"He ain't got nothin' else," Stinky reported, as Buck took the opportunity to turn his head away for a breath. "Hey, mebbe in the mail!"
"How 'bout it?" Big Man asked, stepping forward. "What's in that sack?"
Buck shook his head. "I don't know. Only the regional stationmasters have keys." Teaspoon had a key, but right now Rock Creek seemed a very long distance away. "But we only carry letters, not payroll or anything."
"Yeah, the payroll was s'posed to be on the stage," Scarface growled. He crouched down next to the blond woman and ran his hand along her cheek. When she whimpered and tried to move away his smile only grew larger. "Guess I might gotta get me some payment some other way."
"No, please, leave her alone," Peggy pleaded.
Big Man covered the distance to her in two strides, backhanding her across the face. "Told you afore to keep your mouth shut!"
Peggy stumbled, and probably would have fallen but Pete managed to get his good arm out to break her fall. "Ain't no call to hit a pregnant lady," he said softly.
Big Man just laughed. "Guess I'll decide that," he said. He cocked his gun and crouched next to Pete, pressing the barrel against the injured man's temple. "Got any other objections?"
Pete just shook his head, but he managed to push Peggy slightly behind him.
"Whatta we do now?" Stinky demanded. "Weren't no gold like s'posed to be."
Big Man walked to the wall where various tack hung and pulled a rope down. "Tie 'em up," he ordered, tossing the coil to Scarface. "Hands an' feet. We got everythin' worthwhile from these folks an' the house. Time to get outta here."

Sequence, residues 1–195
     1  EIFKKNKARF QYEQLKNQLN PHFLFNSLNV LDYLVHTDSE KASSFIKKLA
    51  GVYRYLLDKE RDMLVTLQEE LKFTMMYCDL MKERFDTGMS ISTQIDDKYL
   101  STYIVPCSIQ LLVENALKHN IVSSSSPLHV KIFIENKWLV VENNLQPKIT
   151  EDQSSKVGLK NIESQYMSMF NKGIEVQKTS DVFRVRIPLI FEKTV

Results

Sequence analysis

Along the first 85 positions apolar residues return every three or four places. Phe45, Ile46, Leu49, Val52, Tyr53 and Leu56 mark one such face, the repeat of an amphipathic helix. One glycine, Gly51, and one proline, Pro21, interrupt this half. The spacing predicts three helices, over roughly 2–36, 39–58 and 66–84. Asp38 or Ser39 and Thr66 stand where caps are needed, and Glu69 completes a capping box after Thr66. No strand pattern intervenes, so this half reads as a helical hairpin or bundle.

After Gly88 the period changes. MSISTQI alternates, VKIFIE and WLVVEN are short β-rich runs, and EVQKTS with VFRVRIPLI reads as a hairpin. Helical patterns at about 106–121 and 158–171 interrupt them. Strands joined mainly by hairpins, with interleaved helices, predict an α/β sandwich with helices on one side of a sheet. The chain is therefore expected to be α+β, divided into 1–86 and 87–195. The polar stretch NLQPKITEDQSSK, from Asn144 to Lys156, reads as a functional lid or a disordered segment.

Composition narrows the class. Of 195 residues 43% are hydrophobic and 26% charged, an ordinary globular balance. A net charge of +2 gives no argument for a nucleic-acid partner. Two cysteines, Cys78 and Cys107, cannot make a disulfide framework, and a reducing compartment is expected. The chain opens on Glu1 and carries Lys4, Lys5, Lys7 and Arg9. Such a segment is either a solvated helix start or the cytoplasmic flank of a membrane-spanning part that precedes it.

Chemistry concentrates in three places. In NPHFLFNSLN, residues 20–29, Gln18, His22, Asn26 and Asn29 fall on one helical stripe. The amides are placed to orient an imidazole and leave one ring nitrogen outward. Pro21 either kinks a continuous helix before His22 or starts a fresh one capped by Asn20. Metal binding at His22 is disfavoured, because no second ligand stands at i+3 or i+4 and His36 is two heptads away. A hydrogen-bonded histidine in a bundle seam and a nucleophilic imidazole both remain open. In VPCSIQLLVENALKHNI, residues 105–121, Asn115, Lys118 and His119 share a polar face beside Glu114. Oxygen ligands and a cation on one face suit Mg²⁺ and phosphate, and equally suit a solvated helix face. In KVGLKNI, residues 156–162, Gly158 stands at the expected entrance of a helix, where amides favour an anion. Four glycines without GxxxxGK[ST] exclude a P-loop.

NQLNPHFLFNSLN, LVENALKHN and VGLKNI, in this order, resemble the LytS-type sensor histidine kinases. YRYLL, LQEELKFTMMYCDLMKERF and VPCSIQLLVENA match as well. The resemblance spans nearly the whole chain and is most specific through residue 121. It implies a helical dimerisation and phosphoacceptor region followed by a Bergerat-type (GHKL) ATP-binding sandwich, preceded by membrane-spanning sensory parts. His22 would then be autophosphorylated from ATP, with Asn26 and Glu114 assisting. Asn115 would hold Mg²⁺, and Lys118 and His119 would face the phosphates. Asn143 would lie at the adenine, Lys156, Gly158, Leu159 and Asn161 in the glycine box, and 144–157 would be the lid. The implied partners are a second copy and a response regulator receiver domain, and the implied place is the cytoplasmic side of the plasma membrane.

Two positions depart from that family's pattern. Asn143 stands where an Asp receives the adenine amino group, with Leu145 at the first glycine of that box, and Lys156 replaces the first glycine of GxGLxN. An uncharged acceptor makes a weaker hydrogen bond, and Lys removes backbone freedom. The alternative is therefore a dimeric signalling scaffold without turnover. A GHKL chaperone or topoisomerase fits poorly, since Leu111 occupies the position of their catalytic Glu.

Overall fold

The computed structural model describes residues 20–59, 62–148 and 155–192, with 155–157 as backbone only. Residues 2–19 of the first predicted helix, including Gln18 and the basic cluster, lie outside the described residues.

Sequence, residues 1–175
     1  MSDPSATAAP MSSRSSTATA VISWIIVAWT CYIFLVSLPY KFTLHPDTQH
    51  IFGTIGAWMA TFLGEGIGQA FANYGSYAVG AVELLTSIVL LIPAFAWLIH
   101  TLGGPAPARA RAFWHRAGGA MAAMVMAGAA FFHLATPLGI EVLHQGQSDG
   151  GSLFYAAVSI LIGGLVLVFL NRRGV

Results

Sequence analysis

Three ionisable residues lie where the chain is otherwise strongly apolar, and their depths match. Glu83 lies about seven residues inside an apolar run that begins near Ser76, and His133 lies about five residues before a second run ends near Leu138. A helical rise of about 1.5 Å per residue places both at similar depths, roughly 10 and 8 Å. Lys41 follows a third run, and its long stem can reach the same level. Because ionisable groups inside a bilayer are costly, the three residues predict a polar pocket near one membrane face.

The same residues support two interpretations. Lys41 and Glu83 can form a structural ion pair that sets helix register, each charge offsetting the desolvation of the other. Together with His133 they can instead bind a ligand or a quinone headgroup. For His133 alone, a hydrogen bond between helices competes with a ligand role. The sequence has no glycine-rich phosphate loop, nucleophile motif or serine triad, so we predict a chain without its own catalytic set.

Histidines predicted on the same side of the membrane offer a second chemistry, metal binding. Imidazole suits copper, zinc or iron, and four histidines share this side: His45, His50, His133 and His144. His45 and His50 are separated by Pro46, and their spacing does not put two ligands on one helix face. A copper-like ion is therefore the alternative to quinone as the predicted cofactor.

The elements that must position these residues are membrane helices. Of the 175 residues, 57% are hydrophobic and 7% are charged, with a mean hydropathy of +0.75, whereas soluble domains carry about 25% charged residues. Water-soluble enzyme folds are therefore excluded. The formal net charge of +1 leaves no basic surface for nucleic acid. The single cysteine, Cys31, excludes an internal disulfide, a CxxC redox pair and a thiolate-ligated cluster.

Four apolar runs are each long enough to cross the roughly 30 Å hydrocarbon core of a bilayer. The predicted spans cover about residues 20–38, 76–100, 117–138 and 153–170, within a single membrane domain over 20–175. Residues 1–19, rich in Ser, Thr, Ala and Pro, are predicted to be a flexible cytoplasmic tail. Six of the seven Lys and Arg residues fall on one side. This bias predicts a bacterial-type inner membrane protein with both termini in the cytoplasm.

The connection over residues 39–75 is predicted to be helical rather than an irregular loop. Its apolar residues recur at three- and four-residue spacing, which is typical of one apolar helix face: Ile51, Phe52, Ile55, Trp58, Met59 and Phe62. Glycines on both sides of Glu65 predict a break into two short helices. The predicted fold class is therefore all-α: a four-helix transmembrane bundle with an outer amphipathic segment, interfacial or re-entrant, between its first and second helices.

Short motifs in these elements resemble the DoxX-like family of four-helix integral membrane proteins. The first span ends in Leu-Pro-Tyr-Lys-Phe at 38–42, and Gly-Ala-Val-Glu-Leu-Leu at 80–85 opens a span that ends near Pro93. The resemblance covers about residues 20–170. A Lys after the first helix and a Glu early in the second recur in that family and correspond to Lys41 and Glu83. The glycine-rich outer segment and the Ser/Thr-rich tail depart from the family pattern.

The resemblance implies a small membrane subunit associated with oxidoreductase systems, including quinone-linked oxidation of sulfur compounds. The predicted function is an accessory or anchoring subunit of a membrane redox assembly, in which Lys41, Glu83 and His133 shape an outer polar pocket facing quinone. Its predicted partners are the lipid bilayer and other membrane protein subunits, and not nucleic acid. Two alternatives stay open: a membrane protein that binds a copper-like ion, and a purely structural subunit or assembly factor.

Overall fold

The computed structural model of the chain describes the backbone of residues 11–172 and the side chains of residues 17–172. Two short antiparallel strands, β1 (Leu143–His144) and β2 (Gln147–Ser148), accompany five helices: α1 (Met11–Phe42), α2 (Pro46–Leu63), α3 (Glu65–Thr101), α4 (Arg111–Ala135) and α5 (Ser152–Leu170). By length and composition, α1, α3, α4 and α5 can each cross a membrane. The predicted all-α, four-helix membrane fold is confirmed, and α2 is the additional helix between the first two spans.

Scarface and Stinky moved quickly to comply. Buck found himself pushed to the ground next to the blond woman and the little girl. His hands were pulled roughly behind his back, the ropes tied tight. As they moved to tie his feet, he realized it was his own knife being used to cut the rope. Scarface had obviously picked it up from out by the stage.
It took the two men only a few minutes to complete their task, and soon everyone, including the two children, was trussed up. Then, as if to make sure no one would get free very quickly, the two men tied the captives together.
Just when he'd figured things couldn't get much worse, Buck found himself roped back-to-back with Tompkins; knowing that the other man was probably even more unhappy with the situation wasn't much consolation.
When they finished, Scarface tossed Buck's knife onto a work table by the door and the two gunmen went to join their leader.
Big Man grinned, though it wasn't the kind of happy smile that made people feel good. "You enjoy yourselves, now," he said, almost laughing. "Might get a little hot."
All three men laughed as they left the barn, closing the door behind them, and Buck heard the heavy bolt being dropped into place. Only the fact that the loft door was open kept the interior of the barn from becoming totally dark.